A gentle rebuff from the Majority Leader, but a rebuff all the same. Ramsey would continue: “He’s had a lot of petitions from that area. But I don’t think he’s moving forward with it. He’s not moving forward with it. He introduced the bill because he thought it was the right thing to do at the time, but I’m sure that he’s not going to move it now.”
Ouch! A veritable cease-and-desist order from the Speaker. That was closely followed by the long-awaited opinion from Attorney General Cooper, which pronounced the bills “constitutionally suspect” because of their limited ad hoc application to a single county and municipality.
In other words: Dinner is served!
And that in turn was followed up by Norris, who’d finally had enough crow and, seemingly reluctantly, pushed himself away from a table which he himself had laid. He withdrew the two bills, but not without one last attempt at self-extenuation.
“Citizens in these communities want their voices to be heard, which was the impetus for filing the legislation,” he said in a written statement. “Although we felt this would likely be the outcome, it was important enough to our constituents to file the bills and get the Attorney General’s opinion.”
There’s a curious footnote to that claim, made by Norris regarding the alleged importuning of himself, Todd, and Lollar by Fisherville citizens demanding the passage of the controversial and now defunct legislation.
On Tuesday, as the Memphis City Council readied to pass what would be the first reading of three required ones of the annexation ordinance regarding Gray’s Creek, a delegation of citizens from the Fisherville community had pleaded with Council members to desist. Sympathetically but firmly, various Council members pointed out that they had not wanted to annex Gray’s Creek but that the state had forced their hand.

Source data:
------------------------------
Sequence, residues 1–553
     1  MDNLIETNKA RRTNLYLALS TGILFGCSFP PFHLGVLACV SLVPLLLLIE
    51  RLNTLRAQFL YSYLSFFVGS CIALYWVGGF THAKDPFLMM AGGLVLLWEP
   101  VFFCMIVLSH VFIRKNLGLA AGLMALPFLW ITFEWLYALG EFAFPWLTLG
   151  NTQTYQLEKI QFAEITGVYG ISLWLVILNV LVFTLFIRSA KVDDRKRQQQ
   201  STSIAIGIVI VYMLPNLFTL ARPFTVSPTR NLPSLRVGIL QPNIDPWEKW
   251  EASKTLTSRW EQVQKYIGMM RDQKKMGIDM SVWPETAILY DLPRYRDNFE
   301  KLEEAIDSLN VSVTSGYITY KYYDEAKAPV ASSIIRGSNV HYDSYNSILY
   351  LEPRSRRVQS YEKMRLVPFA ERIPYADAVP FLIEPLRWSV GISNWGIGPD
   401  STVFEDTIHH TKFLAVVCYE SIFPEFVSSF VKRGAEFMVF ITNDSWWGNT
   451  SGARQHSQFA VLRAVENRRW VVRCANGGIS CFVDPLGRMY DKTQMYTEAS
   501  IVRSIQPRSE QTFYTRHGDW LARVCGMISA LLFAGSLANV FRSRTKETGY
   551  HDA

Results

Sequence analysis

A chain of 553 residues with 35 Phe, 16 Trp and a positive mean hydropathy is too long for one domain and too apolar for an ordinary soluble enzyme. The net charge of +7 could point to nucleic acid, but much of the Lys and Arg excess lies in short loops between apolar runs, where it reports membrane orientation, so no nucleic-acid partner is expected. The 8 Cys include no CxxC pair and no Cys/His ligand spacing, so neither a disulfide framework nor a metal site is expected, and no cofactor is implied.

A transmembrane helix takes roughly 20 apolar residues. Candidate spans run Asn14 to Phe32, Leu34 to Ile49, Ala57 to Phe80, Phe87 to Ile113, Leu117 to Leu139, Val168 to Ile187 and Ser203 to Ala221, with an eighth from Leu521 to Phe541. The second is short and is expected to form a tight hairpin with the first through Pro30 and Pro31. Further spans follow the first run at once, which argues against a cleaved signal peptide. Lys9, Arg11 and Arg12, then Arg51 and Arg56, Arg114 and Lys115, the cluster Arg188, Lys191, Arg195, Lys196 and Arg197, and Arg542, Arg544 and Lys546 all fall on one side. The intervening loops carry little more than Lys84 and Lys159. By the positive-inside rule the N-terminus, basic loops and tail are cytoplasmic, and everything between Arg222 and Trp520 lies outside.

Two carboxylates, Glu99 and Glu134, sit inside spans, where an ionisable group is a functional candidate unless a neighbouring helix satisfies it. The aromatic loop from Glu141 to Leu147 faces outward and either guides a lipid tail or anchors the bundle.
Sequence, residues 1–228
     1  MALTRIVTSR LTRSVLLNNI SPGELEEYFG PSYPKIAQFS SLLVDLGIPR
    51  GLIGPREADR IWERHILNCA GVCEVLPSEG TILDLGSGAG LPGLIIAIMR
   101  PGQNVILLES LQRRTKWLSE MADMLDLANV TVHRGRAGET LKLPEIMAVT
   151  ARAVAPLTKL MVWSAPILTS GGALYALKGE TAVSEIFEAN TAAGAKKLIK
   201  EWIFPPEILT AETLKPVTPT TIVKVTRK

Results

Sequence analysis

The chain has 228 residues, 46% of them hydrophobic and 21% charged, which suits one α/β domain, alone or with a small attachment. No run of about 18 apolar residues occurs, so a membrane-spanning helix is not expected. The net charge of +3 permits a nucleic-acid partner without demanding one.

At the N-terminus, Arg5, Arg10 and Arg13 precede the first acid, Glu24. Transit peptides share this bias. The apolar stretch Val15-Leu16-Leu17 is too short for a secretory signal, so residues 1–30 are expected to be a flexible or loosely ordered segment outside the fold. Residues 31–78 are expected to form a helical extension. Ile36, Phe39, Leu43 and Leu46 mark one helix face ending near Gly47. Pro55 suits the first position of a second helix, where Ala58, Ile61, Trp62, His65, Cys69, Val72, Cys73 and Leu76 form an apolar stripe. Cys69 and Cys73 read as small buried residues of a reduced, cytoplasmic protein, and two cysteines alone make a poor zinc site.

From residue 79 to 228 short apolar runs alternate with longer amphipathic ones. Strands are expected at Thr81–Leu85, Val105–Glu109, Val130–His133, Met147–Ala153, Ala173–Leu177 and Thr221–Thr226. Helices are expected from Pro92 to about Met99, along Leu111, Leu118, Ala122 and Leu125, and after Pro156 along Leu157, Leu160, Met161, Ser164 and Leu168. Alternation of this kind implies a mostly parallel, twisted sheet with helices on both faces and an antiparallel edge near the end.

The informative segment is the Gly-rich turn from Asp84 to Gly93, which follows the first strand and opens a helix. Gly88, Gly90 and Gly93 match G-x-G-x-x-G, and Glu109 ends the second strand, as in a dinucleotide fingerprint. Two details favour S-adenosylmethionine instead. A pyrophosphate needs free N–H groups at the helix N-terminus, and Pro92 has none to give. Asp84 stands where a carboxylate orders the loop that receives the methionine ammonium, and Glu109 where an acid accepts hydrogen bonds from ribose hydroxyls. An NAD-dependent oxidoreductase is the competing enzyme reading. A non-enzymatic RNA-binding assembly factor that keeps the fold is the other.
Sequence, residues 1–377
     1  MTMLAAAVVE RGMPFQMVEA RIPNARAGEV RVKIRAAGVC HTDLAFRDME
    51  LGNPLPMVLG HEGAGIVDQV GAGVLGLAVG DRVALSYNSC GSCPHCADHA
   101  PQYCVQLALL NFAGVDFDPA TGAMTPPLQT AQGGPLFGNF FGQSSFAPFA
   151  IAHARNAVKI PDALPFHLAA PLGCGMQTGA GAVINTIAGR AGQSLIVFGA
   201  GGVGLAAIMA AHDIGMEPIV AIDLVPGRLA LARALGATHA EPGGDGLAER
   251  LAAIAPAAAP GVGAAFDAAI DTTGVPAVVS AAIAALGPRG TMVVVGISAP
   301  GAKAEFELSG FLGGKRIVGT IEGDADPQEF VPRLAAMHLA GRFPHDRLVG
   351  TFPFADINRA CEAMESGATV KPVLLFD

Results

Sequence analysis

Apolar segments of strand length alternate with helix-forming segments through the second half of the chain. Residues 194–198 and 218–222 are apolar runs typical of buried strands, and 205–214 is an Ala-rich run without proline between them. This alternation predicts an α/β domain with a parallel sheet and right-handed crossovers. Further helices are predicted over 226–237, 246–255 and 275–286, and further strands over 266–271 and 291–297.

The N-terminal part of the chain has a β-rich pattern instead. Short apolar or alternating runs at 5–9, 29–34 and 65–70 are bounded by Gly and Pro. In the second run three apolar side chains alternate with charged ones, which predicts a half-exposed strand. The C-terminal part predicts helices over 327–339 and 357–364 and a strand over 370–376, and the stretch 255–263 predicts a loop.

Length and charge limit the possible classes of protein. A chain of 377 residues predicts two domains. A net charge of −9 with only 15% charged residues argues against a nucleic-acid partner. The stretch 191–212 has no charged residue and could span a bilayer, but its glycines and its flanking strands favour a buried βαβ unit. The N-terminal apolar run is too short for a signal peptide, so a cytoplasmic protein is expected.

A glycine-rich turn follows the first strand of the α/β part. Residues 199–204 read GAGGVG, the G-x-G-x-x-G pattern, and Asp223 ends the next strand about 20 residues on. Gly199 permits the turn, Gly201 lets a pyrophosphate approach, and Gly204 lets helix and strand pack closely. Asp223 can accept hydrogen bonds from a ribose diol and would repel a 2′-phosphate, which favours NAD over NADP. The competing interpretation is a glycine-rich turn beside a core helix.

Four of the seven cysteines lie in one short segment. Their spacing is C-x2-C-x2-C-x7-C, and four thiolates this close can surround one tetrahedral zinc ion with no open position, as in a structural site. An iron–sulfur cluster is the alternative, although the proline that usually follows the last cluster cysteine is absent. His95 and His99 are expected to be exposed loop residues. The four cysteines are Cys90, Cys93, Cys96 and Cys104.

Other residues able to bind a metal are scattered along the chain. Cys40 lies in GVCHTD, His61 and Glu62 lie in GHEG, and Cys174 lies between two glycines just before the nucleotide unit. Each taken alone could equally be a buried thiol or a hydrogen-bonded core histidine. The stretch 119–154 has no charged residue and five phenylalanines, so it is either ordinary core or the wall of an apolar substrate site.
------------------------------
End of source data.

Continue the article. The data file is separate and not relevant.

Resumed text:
In the course of what, all things considered, was a good-natured colloquy, Councilman Bill Boyd addressed John Bogan, president of the Fisherville Civic Club and the man widely regarded as the source of agitation for Fisherville’s protection from annexation, asking Bogan point blank if he had urged Norris, Todd, and Lollar to sponsor the two annexation bills.
Bogan was unequivocal. He had not. He had not spoken to the legislators about any such thing and had known nothing about the bills. But he would try to find out what had happened, he promised the councilman.
Nor did anybody else from the Fisherville delegation that day own up to any pressure on behalf of the two bills.
Which is to say, an already muddled scenario becomes curiouser and curiouser. Presumably, truth will eventually out, and, in the meanwhile the Council is expected to follow through on a pledge made Tuesday to withdraw the Gray’s Creek annexation ordinance as soon as Messrs. Norris, Todd, and Lollar stood down on their bills.
Unaffected by all this is a parallel effort by Norris — his continued resolve to pass legislation affecting the potential transfer of school buildings from the authority of the Uniform Shelby County School Board to that of the several breakaway municipal school districts that are in the process of being formed in the suburbs.
But that, as they say, is another story.